Conversation with: Idris Johor – Owner of StudioNEON
By Shariffah Nur Alawiyah
Nestled along the alleys of Kampong Gelam are vibrant, large-scale artworks that are plastered on the walls of hip eateries in the area. It’s one of the first scenes where street art emanated and became celebrated in Singapore. Idris Johor, or better known as PrettyFreakyfantasty(Pff), is the artist behind the artworks you’ll see along Haji and Bali Lanes. As his moniker suggests, his creations are surrealistic and fantastical in nature. Let’s take a quick dive into his psyche to see what inspires his creations.
Q: How did the name PrettyFreakyFantasy (PFF) come to be?
Idris: “I’ve always loved colours. Growing up, I would always see my mom wearing so many beautiful dresses or the baju kurung that have beautiful prints on them. I thought it was freaking pretty. The ‘fantasy’ was added to represent the fantastical elements in my work. Thus, the alias, PrettyFreakyFantasy.”
Q: How do you describe your art style and what influenced it?
Idris: “In a few words, my art style is fun, happy, funky, eclectic and quirky. For me, more is more. Influences and inspirations come from all around but I do get inspired a lot by Tim Burton, Wes Anderson, Pedro Almodóvar, Jaime Hayon, Vivienne Westwood and the Bauhaus movement to name a few. My current muse, though, comes from anyone who passes by Haji Lane or Kampong Gelam. It could be from the clothes they wear, their movements or smiles.”
Q: What is your favourite medium to work with?
Idris: “I enjoy working with acrylic, metal, mirrors and mannequins. However, there are other mediums that I’m looking forward to trying for my upcoming projects.”
Q: Your eye-catching artwork is plastered around Kampong Gelam. What would you say is your favourite piece and why?
Idris: “It’s quite simple actually. Any piece that brings a smile to the audience is my favourite piece.”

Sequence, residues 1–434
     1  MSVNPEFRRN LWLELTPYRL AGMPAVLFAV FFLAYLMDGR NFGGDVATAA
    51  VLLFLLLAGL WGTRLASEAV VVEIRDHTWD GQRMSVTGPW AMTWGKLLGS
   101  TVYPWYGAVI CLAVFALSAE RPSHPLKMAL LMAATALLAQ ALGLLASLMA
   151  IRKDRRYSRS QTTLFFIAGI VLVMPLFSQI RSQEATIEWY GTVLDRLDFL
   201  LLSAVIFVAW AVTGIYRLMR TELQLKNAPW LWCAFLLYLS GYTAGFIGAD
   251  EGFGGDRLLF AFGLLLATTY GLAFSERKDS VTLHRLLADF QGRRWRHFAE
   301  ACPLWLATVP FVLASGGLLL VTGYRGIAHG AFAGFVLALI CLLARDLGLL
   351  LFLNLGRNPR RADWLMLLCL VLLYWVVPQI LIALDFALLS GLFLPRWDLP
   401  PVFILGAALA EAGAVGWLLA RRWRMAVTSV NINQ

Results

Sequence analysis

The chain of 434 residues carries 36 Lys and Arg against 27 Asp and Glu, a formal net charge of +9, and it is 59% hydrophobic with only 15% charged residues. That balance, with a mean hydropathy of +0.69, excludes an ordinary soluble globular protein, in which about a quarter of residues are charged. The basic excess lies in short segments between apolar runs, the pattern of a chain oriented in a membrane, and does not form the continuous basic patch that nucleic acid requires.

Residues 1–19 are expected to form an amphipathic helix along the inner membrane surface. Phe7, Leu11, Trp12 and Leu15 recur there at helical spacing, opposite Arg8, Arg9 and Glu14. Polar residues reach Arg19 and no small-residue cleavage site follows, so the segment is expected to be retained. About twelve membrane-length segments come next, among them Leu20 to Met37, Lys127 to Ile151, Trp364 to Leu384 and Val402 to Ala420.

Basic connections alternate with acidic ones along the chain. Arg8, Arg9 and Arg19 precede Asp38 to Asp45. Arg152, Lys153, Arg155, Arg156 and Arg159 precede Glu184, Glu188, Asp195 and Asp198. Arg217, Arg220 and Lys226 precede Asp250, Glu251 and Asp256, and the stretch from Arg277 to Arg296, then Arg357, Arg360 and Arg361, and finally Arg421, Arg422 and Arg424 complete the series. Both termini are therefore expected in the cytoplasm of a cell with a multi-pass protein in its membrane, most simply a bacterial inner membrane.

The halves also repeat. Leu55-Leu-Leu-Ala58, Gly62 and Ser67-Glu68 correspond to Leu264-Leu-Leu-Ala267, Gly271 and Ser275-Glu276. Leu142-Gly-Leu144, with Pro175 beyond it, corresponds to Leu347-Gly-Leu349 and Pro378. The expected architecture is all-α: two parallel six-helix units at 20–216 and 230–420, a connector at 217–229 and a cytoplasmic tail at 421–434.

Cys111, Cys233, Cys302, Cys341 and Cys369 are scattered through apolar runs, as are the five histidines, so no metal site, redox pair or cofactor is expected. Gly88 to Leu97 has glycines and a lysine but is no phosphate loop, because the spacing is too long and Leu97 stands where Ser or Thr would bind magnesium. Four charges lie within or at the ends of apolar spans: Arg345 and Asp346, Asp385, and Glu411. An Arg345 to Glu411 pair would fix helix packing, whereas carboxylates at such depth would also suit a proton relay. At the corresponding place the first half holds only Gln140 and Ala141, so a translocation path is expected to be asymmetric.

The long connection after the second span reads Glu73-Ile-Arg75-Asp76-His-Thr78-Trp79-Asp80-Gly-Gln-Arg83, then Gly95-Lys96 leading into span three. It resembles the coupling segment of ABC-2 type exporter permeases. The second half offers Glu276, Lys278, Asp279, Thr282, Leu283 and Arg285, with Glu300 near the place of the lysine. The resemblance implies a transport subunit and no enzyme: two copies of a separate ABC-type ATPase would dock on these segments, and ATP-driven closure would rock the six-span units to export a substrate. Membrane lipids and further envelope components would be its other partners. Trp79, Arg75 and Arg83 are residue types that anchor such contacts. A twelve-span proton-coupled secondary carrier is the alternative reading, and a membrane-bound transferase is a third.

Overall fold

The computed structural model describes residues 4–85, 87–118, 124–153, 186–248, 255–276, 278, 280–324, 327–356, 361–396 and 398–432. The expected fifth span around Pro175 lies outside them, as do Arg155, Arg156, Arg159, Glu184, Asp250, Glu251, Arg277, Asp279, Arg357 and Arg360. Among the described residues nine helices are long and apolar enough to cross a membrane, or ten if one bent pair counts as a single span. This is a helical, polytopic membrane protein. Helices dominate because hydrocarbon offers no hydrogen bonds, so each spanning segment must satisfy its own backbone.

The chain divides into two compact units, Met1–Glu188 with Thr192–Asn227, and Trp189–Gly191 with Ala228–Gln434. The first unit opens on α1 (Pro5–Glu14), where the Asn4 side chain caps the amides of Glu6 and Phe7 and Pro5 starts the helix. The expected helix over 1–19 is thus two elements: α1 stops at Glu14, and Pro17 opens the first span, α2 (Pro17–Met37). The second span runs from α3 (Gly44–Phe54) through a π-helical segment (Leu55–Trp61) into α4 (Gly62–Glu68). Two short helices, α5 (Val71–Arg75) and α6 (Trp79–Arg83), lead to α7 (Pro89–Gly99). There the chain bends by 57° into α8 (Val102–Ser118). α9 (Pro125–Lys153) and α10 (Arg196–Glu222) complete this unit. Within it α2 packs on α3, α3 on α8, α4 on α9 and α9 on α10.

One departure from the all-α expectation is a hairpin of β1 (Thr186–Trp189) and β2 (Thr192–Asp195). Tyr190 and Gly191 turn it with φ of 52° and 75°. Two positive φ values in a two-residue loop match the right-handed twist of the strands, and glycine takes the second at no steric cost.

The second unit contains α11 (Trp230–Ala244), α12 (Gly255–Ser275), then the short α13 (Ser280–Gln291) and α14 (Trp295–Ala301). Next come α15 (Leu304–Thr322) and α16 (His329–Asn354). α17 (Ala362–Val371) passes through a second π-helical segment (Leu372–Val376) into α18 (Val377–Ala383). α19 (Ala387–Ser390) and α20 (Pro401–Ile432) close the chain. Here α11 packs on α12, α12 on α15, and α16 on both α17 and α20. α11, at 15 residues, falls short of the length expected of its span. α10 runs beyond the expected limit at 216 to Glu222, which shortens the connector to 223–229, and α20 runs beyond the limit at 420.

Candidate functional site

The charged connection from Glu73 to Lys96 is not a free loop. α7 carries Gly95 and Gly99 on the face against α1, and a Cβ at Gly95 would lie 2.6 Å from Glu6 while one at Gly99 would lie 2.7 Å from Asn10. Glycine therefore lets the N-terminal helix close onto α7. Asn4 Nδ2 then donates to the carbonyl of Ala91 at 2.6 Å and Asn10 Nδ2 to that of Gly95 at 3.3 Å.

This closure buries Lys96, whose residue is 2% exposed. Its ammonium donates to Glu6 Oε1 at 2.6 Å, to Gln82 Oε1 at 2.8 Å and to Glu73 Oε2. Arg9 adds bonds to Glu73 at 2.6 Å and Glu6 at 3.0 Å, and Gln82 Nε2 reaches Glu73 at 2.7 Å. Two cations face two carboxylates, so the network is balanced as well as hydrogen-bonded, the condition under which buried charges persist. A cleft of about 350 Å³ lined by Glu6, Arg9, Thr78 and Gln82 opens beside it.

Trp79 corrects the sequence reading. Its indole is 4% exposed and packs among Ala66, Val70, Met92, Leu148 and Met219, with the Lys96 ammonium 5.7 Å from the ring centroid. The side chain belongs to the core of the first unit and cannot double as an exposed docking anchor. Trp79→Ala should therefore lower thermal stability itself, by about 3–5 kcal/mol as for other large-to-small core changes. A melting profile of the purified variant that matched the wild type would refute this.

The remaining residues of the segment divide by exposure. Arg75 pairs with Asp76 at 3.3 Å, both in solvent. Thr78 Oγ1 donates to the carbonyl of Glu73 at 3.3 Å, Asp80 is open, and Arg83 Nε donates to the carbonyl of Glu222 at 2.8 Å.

Q: What inspired you to be based in Kampong Gelam and what gave you the urge to set up Studio Neon?
Idris: “Truthfully, the wind of change took me to Kampong Gelam. You can say a beautiful little angel presented me with the space and encouraged me to create and share my art.”
Q: How has art impacted areas of your life and Kampong Gelam?
Idris: “Seeing my works around where I Iive and create, inspires and drives me everyday. I feel like the art in Kampong Gelam has injected soul into the precinct, alongside the buskers, the aromas from the surrounding eateries and the crowd that comes here.”
Q: You’ve repurposed many recyclables into functional art. What is the story behind the mannequins seen in your art?
Idris: “Mannequins are just like another canvas to me, and better still if they are given or picked up from the streets to breathe some new life into items that would otherwise be thrown away. I don’t really like planning things so the recyclables you see in my art are mostly unplanned.”
Q: If there’s one thing you could not live without in your art, what would it be?
Idris: “There isn’t really anything that is more important than the other to me. I just think that we should not dictate what artists should and shouldn’t do. It will kill their creative mind. When I feel like I’m stuck in a funk, I actually hibernate to get inspiration after a good rest.”
When asked about his future projects in Kampong Gelam, PFF candidly ended the interview saying, “I have a million ideas but there are two million restrictions. So we’ll see! Not at the moment though.”
PFF started off designing props and sets for clubs like Zouk and Attica. What jump started his commissioned widespread art seen in Kampong Gelam was an interior decorating gig done for Blu Jaz cafe. The owner, Aileen Tan, gave him free reign to embellish the place with his vision. Since then, the likes of his works are seen in other F&B businesses like Black Sheep & Co and Piedra Negra.
You can check out his colourful and imaginative murals located at these shop fronts. Get teleported into a Pretty Freaky Fantasy!
32 Haji Lane